New Compton densitometer for measuring pulmonary edema

PDF Version Also Available for Download.

Description

Pulmonary edema is the pathological increase of extravascular lung water found most often in patients with congestive heart failure and other critically ill patients who suffer from intravenous fluid overload. A non-invasive lung density monitor that is accurate, easily portable, safe and inexpensive is needed for clinical evaluation of pulmonary edema. Other researchers who have employed Compton scattering techniques generally used systems of extended size and detectors with poor energy resolution. This has resulted in significant systematic biases from multiply-scattered photons and larger errors in counting statistics at a given radiation dose to the patient. We are proposing a patented ... continued below

Physical Description

Pages: 9

Creation Information

Loo, B.W.; Goulding, F.S. & Simon, D.S. October 1, 1985.

Context

This article is part of the collection entitled: Office of Scientific & Technical Information Technical Reports and was provided by UNT Libraries Government Documents Department to Digital Library, a digital repository hosted by the UNT Libraries. More information about this article can be viewed below.

Who

People and organizations associated with either the creation of this article or its content.

Publishers

Provided By

UNT Libraries Government Documents Department

Serving as both a federal and a state depository library, the UNT Libraries Government Documents Department maintains millions of items in a variety of formats. The department is a member of the FDLP Content Partnerships Program and an Affiliated Archive of the National Archives.

Contact Us

What

Descriptive information to help identify this article. Follow the links below to find similar items on the Digital Library.

Description

Pulmonary edema is the pathological increase of extravascular lung water found most often in patients with congestive heart failure and other critically ill patients who suffer from intravenous fluid overload. A non-invasive lung density monitor that is accurate, easily portable, safe and inexpensive is needed for clinical evaluation of pulmonary edema. Other researchers who have employed Compton scattering techniques generally used systems of extended size and detectors with poor energy resolution. This has resulted in significant systematic biases from multiply-scattered photons and larger errors in counting statistics at a given radiation dose to the patient. We are proposing a patented approach in which only backscattered photons are measured with a high-resolution HPGe detector in a compact system geometry. By proper design and a unique data extraction scheme, effects of the variable chest wall on lung density measurements are minimized. Preliminary test results indicate that with a radioactive source of under 30 GBq, it should be possible to make an accurate lung density measurement in one minute, with a risk of radiation exposure to the patient a thousand times smaller than that from a typical chest x-ray. The ability to make safe, frequent lung density measurements could be very helpful for monitoring the course of P.E. at the hospital bedside or outpatient clinics, and for evaluating the efficacy of therapy in clinical research. 6 refs., 5 figs.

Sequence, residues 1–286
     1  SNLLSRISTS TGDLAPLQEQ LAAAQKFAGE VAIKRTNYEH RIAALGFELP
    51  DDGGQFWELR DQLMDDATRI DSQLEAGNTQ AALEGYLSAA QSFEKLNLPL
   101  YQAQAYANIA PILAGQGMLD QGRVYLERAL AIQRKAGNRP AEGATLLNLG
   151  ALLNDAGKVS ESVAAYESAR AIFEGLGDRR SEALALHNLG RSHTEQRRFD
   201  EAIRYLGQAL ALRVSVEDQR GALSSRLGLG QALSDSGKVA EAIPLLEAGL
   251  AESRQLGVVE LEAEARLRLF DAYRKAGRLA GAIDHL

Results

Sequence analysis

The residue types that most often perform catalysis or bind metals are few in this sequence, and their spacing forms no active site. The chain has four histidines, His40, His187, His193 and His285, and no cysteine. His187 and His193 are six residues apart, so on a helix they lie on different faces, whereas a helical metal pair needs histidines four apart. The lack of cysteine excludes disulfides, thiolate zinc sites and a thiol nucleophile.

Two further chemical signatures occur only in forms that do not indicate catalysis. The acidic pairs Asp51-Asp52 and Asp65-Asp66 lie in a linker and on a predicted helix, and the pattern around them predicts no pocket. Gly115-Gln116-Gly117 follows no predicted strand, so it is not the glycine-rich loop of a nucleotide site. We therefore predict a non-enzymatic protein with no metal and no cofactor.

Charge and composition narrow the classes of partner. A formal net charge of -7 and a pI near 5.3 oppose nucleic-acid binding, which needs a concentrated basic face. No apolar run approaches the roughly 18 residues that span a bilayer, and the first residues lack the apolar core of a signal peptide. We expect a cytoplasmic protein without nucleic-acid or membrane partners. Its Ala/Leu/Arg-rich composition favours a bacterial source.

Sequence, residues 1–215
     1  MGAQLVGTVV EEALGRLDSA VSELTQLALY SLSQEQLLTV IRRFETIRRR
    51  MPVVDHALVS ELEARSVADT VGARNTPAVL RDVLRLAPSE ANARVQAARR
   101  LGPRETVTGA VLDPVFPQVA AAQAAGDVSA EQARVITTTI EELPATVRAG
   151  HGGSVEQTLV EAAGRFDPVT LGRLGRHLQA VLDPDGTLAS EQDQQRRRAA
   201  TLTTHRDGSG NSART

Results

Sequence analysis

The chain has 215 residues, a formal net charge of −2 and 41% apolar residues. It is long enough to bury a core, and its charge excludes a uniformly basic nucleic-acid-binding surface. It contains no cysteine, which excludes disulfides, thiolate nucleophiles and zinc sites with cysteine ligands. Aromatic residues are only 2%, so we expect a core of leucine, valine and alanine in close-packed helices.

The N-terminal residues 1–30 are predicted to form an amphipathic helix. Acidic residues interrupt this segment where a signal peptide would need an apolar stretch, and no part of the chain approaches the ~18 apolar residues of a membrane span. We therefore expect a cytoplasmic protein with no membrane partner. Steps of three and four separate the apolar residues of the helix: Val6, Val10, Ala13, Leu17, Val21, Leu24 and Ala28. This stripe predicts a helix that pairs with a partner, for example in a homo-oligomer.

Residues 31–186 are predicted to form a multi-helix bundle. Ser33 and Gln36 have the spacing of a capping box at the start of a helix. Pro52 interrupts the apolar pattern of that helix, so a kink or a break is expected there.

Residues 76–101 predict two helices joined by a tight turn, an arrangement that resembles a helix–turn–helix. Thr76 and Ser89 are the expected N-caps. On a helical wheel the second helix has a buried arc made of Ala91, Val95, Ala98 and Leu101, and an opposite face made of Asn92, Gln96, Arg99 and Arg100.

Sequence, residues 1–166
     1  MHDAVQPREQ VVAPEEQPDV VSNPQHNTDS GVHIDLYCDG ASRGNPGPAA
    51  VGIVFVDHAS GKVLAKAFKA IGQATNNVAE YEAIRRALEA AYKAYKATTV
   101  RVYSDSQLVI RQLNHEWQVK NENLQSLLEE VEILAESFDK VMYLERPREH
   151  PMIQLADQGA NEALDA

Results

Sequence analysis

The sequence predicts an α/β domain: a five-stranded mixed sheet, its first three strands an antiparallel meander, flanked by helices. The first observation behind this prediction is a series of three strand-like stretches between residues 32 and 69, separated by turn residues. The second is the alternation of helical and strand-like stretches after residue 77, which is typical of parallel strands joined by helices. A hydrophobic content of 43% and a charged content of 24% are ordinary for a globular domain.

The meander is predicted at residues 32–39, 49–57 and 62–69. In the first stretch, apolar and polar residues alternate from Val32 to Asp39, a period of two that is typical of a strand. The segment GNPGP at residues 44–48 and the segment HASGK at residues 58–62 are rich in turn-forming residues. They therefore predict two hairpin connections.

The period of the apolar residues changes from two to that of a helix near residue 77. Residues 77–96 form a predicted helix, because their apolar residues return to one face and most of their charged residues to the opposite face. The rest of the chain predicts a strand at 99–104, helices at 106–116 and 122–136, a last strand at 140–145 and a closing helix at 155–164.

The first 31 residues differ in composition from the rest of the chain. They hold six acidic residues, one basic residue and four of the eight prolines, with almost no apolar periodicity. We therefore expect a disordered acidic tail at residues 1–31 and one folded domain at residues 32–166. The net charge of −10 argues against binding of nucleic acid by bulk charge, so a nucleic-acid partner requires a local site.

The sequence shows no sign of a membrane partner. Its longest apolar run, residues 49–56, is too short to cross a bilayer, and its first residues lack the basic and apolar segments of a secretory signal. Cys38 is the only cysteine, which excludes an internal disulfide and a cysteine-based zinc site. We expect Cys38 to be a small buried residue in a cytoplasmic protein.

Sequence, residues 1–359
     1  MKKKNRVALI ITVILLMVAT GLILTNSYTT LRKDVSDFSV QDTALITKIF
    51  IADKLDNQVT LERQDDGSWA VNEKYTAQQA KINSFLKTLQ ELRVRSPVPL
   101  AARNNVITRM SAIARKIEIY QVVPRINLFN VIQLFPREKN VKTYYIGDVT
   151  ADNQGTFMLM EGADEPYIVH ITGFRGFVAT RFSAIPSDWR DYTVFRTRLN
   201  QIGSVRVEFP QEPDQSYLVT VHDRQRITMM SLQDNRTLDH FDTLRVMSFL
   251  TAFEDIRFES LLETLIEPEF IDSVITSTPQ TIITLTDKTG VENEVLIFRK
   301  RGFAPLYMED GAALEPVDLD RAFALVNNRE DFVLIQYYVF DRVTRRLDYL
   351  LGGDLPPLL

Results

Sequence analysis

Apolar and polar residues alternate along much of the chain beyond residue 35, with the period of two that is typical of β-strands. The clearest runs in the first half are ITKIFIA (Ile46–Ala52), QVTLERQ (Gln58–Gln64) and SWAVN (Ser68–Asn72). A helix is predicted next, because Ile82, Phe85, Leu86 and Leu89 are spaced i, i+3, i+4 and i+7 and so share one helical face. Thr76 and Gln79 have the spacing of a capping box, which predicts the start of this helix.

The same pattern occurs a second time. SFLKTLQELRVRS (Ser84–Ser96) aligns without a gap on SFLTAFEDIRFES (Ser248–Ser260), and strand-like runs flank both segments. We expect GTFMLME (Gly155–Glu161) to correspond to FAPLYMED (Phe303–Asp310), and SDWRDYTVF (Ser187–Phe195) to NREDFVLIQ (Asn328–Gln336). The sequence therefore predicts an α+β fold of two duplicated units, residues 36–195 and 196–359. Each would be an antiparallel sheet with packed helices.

Physical Description

Pages: 9

Notes

NTIS, PC A02/MF A01; 1.

Source

  • IEEE nuclear science symposium, San Francisco, CA, USA, 23 Oct 1985

Language

Item Type

Identifier

Unique identifying numbers for this article in the Digital Library or other systems.

  • Other: DE86005212
  • Report No.: LBL-19667
  • Report No.: CONF-851009-46
  • Grant Number: AC03-76SF00098
  • Office of Scientific & Technical Information Report Number: 6379238
  • Archival Resource Key: ark:/67531/metadc1204128

Collections

This article is part of the following collection of related materials.

Office of Scientific & Technical Information Technical Reports

Reports, articles and other documents harvested from the Office of Scientific and Technical Information.

Office of Scientific and Technical Information (OSTI) is the Department of Energy (DOE) office that collects, preserves, and disseminates DOE-sponsored research and development (R&D) results that are the outcomes of R&D projects or other funded activities at DOE labs and facilities nationwide and grantees at universities and other institutions.

What responsibilities do I have when using this article?

When

Dates and time periods associated with this article.

Creation Date

  • October 1, 1985

Added to The UNT Digital Library

  • July 5, 2018, 11:11 p.m.

Description Last Updated

  • Sept. 5, 2018, 3:03 p.m.

Usage Statistics

When was this article last used?

Yesterday: 0
Past 30 days: 0
Total Uses: 1

Interact With This Article

Here are some suggestions for what to do next.

Start Reading

PDF Version Also Available for Download.

International Image Interoperability Framework

IIF Logo

We support the IIIF Presentation API

Loo, B.W.; Goulding, F.S. & Simon, D.S. New Compton densitometer for measuring pulmonary edema, article, October 1, 1985; United States. (digital.library.unt.edu/ark:/67531/metadc1204128/: accessed December 16, 2018), University of North Texas Libraries, Digital Library, digital.library.unt.edu; crediting UNT Libraries Government Documents Department.